However, some students feel that Sophomore year should not elicit such high levels of stress, as they believe it is not necessary to the learning process. 

Instead, several sophomore students would like to see the gap between freshman and sophomore year bridged by making freshman year more challenging. “I think freshman year could have been more challenging, so then we would [have been] more prepared for sophomore year,” said Hilary F. ’25.

Ella S. ’25 (Ella S.)

Ella S. ’25 agreed: “I think it would have been better if freshman year was about the same as sophomore year instead of that big jump.”

Although the Sophomore Wall cannot be entirely eliminated, teachers are finding ways to make the jump from freshman to sophomore year more manageable. The Homework Question, a short written homework assignment, is an assignment embedded in the 10th grade history curriculum but not in the 9th grade history curriculum. Many sophomores felt immense stress upon being assigned their first Homework Question. “When I was assigned the first Homework Question, it was really scary to me because we’d never really done anything like it,” said Holly N. ’25. “I think that introducing a homework question to freshmen would be really helpful, because I think it would have clarified what it was. It wouldn’t have been as daunting as the first time I got [the assignment].”

Upper School History Teacher Jennifer Cutler, who teaches both 9th and 10th grade history, recognized the stress sophomores felt upon receiving their first Homework Question in Crisis and Courage in Global History, the sophomore history course. Ms. Cutler made an effort to prevent her current freshman students from facing similar stress during their sophomore year. “I remember when the first homework question came out. Students were in a panic over this Homework Question that is just a primary source analysis. And so actually, what I’m doing now with my ninth graders, we’re doing Homework Questions,” said Ms. Cutler. “My hope is that [the Homework Questions] will set them up for not panicking as much about that assignment,” she continued.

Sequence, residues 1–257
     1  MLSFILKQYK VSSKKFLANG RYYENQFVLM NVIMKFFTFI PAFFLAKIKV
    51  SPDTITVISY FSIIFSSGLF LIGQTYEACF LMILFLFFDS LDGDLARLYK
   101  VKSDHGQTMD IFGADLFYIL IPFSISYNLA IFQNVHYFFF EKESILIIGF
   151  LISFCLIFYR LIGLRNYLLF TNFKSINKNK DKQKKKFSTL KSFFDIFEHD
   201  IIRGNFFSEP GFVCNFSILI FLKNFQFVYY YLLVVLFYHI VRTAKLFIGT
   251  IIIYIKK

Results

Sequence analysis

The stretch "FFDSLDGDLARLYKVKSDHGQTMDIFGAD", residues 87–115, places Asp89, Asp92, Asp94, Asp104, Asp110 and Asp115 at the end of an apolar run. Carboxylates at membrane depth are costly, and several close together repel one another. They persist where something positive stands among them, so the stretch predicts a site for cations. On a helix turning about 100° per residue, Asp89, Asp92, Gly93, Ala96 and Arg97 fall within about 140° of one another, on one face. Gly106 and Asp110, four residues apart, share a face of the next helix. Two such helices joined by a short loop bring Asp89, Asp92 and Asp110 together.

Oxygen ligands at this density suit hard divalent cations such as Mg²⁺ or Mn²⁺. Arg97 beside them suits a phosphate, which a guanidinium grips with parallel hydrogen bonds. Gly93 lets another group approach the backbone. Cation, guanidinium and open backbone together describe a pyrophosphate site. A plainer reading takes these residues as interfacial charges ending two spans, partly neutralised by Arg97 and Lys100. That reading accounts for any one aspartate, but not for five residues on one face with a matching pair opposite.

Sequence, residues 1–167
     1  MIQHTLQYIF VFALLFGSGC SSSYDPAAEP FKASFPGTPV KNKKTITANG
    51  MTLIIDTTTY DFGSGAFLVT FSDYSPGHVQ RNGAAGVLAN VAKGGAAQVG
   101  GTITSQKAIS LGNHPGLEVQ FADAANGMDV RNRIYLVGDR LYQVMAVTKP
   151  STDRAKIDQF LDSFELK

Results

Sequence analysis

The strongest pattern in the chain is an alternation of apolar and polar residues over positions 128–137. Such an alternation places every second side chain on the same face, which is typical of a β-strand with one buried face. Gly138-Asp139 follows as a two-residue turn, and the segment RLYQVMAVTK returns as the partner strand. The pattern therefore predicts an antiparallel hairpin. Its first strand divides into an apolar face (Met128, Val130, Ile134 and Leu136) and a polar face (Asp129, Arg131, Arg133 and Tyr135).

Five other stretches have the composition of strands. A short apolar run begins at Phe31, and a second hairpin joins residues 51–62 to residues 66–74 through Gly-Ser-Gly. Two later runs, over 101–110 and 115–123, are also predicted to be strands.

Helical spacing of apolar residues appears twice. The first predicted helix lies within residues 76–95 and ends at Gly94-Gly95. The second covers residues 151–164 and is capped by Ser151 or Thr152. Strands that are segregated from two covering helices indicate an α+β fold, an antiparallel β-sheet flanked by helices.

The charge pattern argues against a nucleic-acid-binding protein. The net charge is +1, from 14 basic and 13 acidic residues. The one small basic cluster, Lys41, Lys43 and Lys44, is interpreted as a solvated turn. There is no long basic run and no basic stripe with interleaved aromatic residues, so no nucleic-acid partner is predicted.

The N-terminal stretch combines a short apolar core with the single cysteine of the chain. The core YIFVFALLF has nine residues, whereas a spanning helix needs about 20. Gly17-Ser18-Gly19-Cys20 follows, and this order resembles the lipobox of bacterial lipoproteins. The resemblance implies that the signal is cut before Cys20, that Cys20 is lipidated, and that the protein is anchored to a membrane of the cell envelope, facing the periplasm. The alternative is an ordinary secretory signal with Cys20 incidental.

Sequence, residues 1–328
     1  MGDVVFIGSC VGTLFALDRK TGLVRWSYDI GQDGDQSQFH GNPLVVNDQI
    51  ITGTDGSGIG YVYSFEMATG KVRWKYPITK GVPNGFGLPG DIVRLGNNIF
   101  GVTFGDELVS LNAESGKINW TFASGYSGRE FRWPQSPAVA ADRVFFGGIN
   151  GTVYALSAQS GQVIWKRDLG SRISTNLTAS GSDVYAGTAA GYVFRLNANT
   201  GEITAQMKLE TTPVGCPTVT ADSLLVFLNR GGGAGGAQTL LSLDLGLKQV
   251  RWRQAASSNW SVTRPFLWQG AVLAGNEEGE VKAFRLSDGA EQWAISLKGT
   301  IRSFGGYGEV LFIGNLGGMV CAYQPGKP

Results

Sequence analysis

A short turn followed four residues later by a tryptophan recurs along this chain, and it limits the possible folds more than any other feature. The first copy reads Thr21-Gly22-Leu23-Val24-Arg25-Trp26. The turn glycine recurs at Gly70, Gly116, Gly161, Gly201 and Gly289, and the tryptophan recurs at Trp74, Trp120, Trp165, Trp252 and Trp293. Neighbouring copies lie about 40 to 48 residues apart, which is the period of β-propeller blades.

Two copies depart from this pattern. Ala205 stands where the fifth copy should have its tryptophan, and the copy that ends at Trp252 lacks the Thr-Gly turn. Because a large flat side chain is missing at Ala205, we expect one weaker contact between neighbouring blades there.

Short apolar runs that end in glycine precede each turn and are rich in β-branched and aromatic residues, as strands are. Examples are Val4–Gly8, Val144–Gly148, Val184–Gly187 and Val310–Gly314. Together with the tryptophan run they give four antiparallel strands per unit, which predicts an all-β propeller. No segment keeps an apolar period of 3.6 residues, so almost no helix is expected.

Ms. Wei recommended that students take classes they are genuinely interested in, as it is crucial that students are motivated to complete the work they are assigned. “One way to avoid [the Sophomore Wall] is to make sure that your commitments in academics are things that you genuinely care about,” she said. “I think one of the biggest challenges I see is that students are taking higher level classes, whether they’re AP, advanced, or honors in disciplines where maybe it can be easy for them, but they don’t love the material. And so as it gets harder, it’s really hard to muster the energy to do more,” she continued.

Kayla A. also encouraged rising sophomores to feel comfortable approaching teachers for help and support. “Don’t be afraid to ask for help. I think that was something I struggled with because I am very independent and have always been very independent and headstrong. So I was a little afraid to be like, ‘I don’t understand this.’ But the most important thing is to remember that your teachers want you to succeed, so use them,” she said.